FAQ

(Post Traumatic Stress Disorder) PTSD is a mental health problem that some people develop after experiencing or witnessing a life-threatening event, like combat, a natural disaster, a car accident, or sexual assault. It’s normal to have upsetting memories, feel on edge, or have trouble sleeping after this type of event. If symptoms last more than a few months, it may be PTSD. (Source: https://www.ptsd.va.gov/)
15 February – 17 March 2020.
Missouri (15-24 FEB), Illinois (24-29 FEB), Indiana (1-7 MAR), Ohio (7-8 MAR), Kentucky (8-17 MAR), COVID-19 break (17 MAR-14 AUG).
15 August – 29 September 2020. Steve is walking from the KY-TN border to Jacksonville, FL on a 1,008-mile route segment. He is scheduled to begin the coast to coast segment on New Year’s Day.
Steve adapted the PTSD Walk in order to safely navigate the COVID-19 world.
Flying to Florida to start the walk seemed like cheating and provided less opportunity to speak with people.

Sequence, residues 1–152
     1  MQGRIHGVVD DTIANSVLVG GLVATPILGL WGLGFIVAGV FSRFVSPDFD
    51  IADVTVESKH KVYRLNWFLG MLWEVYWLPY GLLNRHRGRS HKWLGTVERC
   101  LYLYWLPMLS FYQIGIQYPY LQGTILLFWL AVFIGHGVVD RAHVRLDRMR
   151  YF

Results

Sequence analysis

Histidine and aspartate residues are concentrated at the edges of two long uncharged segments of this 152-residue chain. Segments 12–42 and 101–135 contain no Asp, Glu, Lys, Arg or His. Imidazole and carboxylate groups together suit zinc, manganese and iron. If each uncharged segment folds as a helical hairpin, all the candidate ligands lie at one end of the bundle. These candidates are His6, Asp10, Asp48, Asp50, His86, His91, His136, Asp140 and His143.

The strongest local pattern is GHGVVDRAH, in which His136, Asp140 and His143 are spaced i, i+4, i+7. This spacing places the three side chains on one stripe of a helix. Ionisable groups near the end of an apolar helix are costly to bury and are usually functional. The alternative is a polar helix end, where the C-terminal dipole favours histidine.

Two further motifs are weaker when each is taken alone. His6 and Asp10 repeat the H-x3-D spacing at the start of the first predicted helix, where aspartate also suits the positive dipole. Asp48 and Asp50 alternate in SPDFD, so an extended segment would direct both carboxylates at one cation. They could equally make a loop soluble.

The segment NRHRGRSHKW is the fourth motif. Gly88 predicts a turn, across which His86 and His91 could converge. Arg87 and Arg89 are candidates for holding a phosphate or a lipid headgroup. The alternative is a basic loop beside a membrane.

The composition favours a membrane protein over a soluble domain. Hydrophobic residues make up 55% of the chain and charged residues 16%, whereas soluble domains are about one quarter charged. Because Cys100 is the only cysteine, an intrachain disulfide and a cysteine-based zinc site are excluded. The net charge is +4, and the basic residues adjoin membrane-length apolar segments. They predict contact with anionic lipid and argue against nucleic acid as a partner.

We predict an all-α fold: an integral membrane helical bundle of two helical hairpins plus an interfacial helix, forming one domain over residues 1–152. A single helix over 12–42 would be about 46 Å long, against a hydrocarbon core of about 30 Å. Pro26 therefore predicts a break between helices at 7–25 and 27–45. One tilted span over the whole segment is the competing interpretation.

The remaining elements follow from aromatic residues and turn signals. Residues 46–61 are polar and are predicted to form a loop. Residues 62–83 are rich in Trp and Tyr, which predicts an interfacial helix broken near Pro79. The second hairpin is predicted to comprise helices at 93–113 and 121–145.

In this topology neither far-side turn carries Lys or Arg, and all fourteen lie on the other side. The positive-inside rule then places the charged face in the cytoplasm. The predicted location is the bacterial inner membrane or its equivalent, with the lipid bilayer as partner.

Steve retired from the U.S. Army in 2016.

He planned his routes based upon the Google Maps walk time frame of 3 mph. His natural pace is slightly faster.

22 miles. Some days he will walk more and some he will walk less.
7-8 hours. 3 mph plus rest breaks. He prefers to walk 10 or less miles before a break as longer distances put more of a drain on his body. Which takes away from his ability to talk with people during breaks.

Steve needs to eat a lot. Roughly 3x the average adult in order to maintain his fitness goals. Some days he uses 8,000+ calories.

No. Steve does not want to present the appearance of a homeless Veteran.

Walking is part of Steve’s PTSD selfcare.
No. If he is not talking with someone he likes to listen to audiobooks, YouTube videos, or music. He also has his best short story ideas on his walks, so he does not get bored on his walks.